Tag Archive for: skilled workforce

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Labor scarcity will be among the major headwinds driving industrial commercial real estate decisions in 2022 as record shortages challenge distribution channels and unemployment hits a near-historic low.

“With industrial related hiring already at all-time highs, the continued need for labor to service growing e-commerce demands, combined with an economy at nearly full employment, is exacerbating the labor shortage for distribution workers in many markets,” a new Colliers report notes, adding that the US unemployment rate is now near a 50 year low of 3.5%.

And while so far, the industrial sector has managed to post record growth, the labor shortages span “nearly all demographic groups and affect the entire American economy,” and continuing lows will slow the rate of economic growth and slow manufacturing output, Colliers predicts.

“While automation and advanced technologies are becoming more prevalent and affecting industrial employment, the future will still rely on highly skilled labor to operate complex systems and machinery, alongside robotics—labor that is increasingly more difficult to find,” the Colliers report notes.

In addition, scarce land availability will continue to impact the sector. Prologis reports that construction starts have risen to an all time high of 120 million square feet in the sector, but the firm notes that new supply is mainly concentrated in low-barrier secondary and tertiary markets and the outlying submarkets of inland markets.

While a record level of new supply is expected by the end of 2022—including massive build-to-suit projects for e-commerce suppliers and big-box chains—land near big population centers is increasingly scarce.

“Companies seem willing to pay a premium price for land with fierce competition for developable sites,” Colliers analysts note. “This competition is also driving up industrial rents, especially for logistics space near US seaports.”

Colliers also notes that facilities in excess of 2 million square feet are increasingly popular in dense markets as retailers attempt to establish footholds closer to consumers and shorten delivery times. The firm is tracking 12 such big-box multi-story industrial mega centers currently under construction, and notes that a vast majority are for Amazon.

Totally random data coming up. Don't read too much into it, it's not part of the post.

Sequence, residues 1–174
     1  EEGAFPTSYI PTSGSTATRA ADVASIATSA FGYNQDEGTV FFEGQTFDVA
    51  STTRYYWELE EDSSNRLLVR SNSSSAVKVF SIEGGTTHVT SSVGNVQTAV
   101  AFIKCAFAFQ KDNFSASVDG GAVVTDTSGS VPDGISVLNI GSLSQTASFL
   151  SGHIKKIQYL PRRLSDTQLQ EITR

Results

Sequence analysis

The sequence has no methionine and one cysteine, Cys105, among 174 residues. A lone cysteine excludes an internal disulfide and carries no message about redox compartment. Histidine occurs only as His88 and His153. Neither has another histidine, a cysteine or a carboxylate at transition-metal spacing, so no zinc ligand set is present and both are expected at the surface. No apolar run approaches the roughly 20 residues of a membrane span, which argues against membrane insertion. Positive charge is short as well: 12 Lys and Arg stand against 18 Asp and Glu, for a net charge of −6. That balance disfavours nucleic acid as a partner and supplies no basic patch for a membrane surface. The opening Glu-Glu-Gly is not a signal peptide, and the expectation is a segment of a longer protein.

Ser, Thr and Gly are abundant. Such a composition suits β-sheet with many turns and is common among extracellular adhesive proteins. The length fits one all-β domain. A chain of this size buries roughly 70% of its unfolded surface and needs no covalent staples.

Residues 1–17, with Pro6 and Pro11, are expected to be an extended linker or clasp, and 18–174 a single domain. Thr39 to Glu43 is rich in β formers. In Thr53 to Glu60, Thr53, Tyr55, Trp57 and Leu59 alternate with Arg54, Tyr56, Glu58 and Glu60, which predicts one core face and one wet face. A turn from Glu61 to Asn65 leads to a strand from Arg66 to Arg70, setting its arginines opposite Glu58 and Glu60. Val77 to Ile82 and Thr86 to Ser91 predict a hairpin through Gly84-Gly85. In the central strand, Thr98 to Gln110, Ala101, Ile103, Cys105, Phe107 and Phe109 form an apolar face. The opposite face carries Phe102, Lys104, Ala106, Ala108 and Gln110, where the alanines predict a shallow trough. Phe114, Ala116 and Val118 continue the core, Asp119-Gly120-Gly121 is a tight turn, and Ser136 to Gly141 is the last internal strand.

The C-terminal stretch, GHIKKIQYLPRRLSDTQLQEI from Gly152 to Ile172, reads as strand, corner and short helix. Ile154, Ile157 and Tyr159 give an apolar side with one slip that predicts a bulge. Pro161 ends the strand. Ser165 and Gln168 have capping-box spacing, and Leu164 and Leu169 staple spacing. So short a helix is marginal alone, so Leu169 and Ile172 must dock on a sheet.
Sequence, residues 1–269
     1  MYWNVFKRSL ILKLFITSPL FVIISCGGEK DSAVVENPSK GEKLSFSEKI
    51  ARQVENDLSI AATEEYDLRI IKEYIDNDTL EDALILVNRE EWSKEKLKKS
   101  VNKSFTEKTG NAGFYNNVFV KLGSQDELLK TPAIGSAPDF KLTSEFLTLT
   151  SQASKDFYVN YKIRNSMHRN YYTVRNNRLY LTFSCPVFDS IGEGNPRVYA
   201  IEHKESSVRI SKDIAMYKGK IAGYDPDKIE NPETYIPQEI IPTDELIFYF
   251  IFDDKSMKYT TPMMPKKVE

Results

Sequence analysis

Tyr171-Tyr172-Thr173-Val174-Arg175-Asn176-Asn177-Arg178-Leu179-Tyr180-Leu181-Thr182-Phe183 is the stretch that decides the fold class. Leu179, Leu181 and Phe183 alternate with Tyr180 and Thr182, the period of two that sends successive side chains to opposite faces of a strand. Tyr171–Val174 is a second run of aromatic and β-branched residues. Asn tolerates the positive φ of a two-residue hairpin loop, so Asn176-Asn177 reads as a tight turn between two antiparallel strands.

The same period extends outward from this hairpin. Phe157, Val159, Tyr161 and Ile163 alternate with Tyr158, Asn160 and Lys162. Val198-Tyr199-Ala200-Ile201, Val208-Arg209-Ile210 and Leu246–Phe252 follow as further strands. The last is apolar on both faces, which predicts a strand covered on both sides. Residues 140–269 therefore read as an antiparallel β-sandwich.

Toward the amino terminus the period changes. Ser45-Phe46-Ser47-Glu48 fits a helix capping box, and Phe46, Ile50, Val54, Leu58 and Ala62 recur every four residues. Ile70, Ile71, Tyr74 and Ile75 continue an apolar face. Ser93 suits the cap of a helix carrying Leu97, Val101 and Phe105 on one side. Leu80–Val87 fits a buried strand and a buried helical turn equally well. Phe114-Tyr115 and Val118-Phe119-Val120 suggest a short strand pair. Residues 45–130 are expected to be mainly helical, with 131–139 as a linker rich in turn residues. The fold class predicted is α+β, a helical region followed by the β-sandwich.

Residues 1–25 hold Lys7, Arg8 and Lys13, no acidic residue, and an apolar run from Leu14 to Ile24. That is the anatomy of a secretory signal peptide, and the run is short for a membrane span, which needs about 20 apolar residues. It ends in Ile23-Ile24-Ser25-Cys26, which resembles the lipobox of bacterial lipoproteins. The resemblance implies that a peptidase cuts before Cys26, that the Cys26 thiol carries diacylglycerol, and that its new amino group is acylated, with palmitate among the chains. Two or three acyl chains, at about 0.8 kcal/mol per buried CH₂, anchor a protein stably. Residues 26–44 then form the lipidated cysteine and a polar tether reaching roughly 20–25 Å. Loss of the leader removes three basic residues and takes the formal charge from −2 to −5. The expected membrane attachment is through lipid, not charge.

Source: GlobeSt.

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The economy is in dire need of restructuring in Florida, and according to experts with the Florida International University of Miami, manufacturing will be key in building resilience in 2021 and onwards.

This is not the dirty manufacturing of old, however. Using new technology and tools, exciting new industrial developments and manufacturing businesses will be able to tie together old processes with the new to create a high-tech and profitable new manufacturing environment.

Diagnostic Tools

Florida has a very diverse manufacturing history, and this has lent itself to the need for technological upscaling. Business consultants SME note this: manufacturing encompasses everything from plastics, to tortillas, to motor vehicles. This makes the use of new technology that can be used to improve tech, new and old, very important, and can bring a high-tech tilt to manufacturing.

Industrial tech experts SPI Borescopes (www.spiborescopes.com) note this in relation to optical technology; pairing the simple use of newer optical tech in conjunction with older manufacturing processes and technology can help to upscale older equipment and make it more useful.

Upscaling Old Processes

Building new manufacturing resilience in South Florida is going to be important if the industry is to continue to develop and thrive. This is because Florida as a whole suffers a skills gap; despite there being over 500,000 unemployed Floridians, 260,000 jobs remain open due to a lack of appropriately skilled workers to place into these roles. Key technological advances that make new and old processes accessible to Floridians is crucial, as is education.

Technology-Driven Education

A positive result of the events of 2020 has been an upscaling of digital skills and education. Reuters highlights the current generation of newly digitally-able people as a promising change in the overall labor market. Nowhere will this be more beneficial than in the Florida of the future. Providing the skills for manufacturing workers in all sectors to be able to cross-skill and drive new industry is going to help the state create a new economic profile and uplift society in general.

In much the same way as other industries are experiencing, technology and digital skills are leading the way.


Source: South Florida Reporter